Recently I went with my coworkers on a weekend retreat in the mountains of Gifu Prefecture. I arrived at our junior high school at half past seven, and by 7:45am we were in a charter bus and on the road. Our bus driver did not say much of anything before, during, or after the drive. But the young woman accompanying him would be our guide, entertainer, and attendant for the duration of the trip, offering us games, refreshments, area facts, and a constant smile all weekend long.
Within 15 minutes of our departure we were offered various alcoholic beverages, of which many of the staff accepted, myself not included of course. I sat alone in row seven. Most of the people around me were paired up with someone. I spent the next several hours sitting by myself while my coworkers carried on and played group games I did not understand nor was invited to join.
As we climbed the hills and mountains towards our destination, the scene turned from dull and overcast to foggy, rainy and snowy. I attempted to nap at times, as there was little else to do and my head was hurting from wearing a pair of glasses with an old prescription.
We stopped for lunch at a restaurant and gift shop that seemed to be in the middle of nowhere; by now we were well into the hills and the roads had narrowed to pinpoint widths, even as other buses and trucks and cars passed in the opposite direction. The restaurant was on the second floor of the building and had one wall affixed with tall windows, creating a nice view of the mountains while letting in loads of light. The meal was a familiar nabe style with ten or so little dishes. While the food was good, I felt a little ill afterward.
Hours into the trip we stopped to sightsee, taking a cable car to a higher point on the mountain. We were intending to take yet another cable car – a double decker one – up even further, but were told the winds were too strong to safely transport us up to the top. So we settled for a small wildlife museum and more gift shopping.
I should note that in Japanese culture it is customary to purchase gifts called omiyage (oh-mee-ah-geh) for friends, family and coworkers back home. This seems to apply even if you travel only a few hours from home, or take any amount of time off for any number of reasons. My coworkers purchased gifts at nearly every rest stop and shop we came across. As for me, I spent all of $10 on someone else.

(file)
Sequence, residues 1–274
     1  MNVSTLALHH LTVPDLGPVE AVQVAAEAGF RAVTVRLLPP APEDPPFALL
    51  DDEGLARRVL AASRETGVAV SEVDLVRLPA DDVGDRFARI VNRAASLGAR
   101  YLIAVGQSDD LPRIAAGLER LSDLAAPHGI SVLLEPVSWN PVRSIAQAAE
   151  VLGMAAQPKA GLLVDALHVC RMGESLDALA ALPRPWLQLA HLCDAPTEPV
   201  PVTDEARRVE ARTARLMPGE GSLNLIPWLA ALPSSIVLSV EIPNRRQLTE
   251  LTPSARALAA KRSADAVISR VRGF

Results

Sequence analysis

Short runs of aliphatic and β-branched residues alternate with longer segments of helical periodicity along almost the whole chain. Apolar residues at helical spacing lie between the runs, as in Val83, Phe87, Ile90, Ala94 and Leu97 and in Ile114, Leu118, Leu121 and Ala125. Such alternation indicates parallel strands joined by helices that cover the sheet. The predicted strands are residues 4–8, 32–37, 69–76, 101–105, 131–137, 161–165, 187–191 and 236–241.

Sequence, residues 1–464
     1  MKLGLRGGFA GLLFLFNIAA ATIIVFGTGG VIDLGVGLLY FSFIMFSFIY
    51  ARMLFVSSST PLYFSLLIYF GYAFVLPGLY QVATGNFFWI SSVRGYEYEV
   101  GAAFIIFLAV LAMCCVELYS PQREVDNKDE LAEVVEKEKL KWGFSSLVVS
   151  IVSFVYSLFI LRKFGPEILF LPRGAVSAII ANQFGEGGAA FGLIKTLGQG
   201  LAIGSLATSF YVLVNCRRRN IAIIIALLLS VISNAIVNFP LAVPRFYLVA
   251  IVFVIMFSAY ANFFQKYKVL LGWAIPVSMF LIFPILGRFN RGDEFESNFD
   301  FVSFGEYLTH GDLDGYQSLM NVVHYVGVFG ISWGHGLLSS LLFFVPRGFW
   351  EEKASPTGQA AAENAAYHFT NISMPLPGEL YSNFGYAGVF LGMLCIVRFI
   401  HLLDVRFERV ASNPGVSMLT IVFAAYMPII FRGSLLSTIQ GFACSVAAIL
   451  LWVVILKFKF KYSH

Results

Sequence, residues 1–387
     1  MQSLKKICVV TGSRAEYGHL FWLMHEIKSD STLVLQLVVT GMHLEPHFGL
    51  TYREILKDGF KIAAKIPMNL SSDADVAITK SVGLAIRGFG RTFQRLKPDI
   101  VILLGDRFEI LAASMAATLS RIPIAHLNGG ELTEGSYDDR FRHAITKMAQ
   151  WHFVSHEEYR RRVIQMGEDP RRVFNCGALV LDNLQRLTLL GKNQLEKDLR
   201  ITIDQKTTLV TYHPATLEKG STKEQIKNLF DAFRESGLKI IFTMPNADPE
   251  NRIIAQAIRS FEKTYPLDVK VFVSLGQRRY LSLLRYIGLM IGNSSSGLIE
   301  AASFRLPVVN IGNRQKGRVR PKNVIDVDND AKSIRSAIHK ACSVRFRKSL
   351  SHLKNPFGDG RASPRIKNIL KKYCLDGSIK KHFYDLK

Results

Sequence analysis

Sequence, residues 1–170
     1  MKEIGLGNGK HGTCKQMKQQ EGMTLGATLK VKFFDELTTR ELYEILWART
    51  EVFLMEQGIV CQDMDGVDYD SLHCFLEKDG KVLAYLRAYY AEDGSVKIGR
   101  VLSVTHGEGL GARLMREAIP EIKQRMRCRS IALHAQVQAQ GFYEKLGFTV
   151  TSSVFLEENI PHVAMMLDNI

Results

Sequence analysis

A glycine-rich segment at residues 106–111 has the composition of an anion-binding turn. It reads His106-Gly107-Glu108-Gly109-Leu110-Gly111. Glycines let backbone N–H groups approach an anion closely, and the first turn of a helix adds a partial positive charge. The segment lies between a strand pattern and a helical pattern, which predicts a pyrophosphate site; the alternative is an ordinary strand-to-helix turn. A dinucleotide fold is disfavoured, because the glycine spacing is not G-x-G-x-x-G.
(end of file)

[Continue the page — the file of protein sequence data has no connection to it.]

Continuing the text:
We arrived at our hotel by 5pm and were given number tags for our shoes and slippers for our feet. I had no idea what was going on as troops of teachers marched to different floors to take residence in various rooms, so I just walked with everyone until the school’s head of education said that we were sharing a room together along with the head teacher. Cool, so I’d be with important folks. In truth they probably didn’t know what else to do with me, and the shortest straw was drawn and that was that.
An older woman escorted us into a room with tatami floors and invited us to sit at a low table situated in the middle of the room. We were served hot tea and she began to explain all the perks and rules of the ryokan. The main draw for this place was its onsen – baths with hot spring water coming directly from the mountain. The reason for staying there was precisely this. The one thing I couldn’t do was join in. Why? Because I have tattoos. Japan has a long-standing aversion (discrimination, perhaps?) to tattoos as they had been associated with its underworld mobsters. And since I clearly look the part of a Japanese thug, there is little chance I can step into a public onsen anywhere in Japan. There are of course a few exceptions, but this was not one of them. So my two roommates decided to head to the onsen while I just...sat around. I wrote some postcards and eventually fell asleep on the floor, using a chair cushion as a pillow. When I woke up I found my two roommates had returned, and were also napping by the table.
At 6pm the staff met for dinner at another part of the building. Most of them were dressed in the hotel-provided yukata, since most of them went to the onsen. I was in my street clothes, since there was no onsen for tattooed me to enjoy. I was quickly asked to change into my yukata since there would be picture taking at some point. I obliged. A few others were asked the same, so I didn’t feel too bad about it.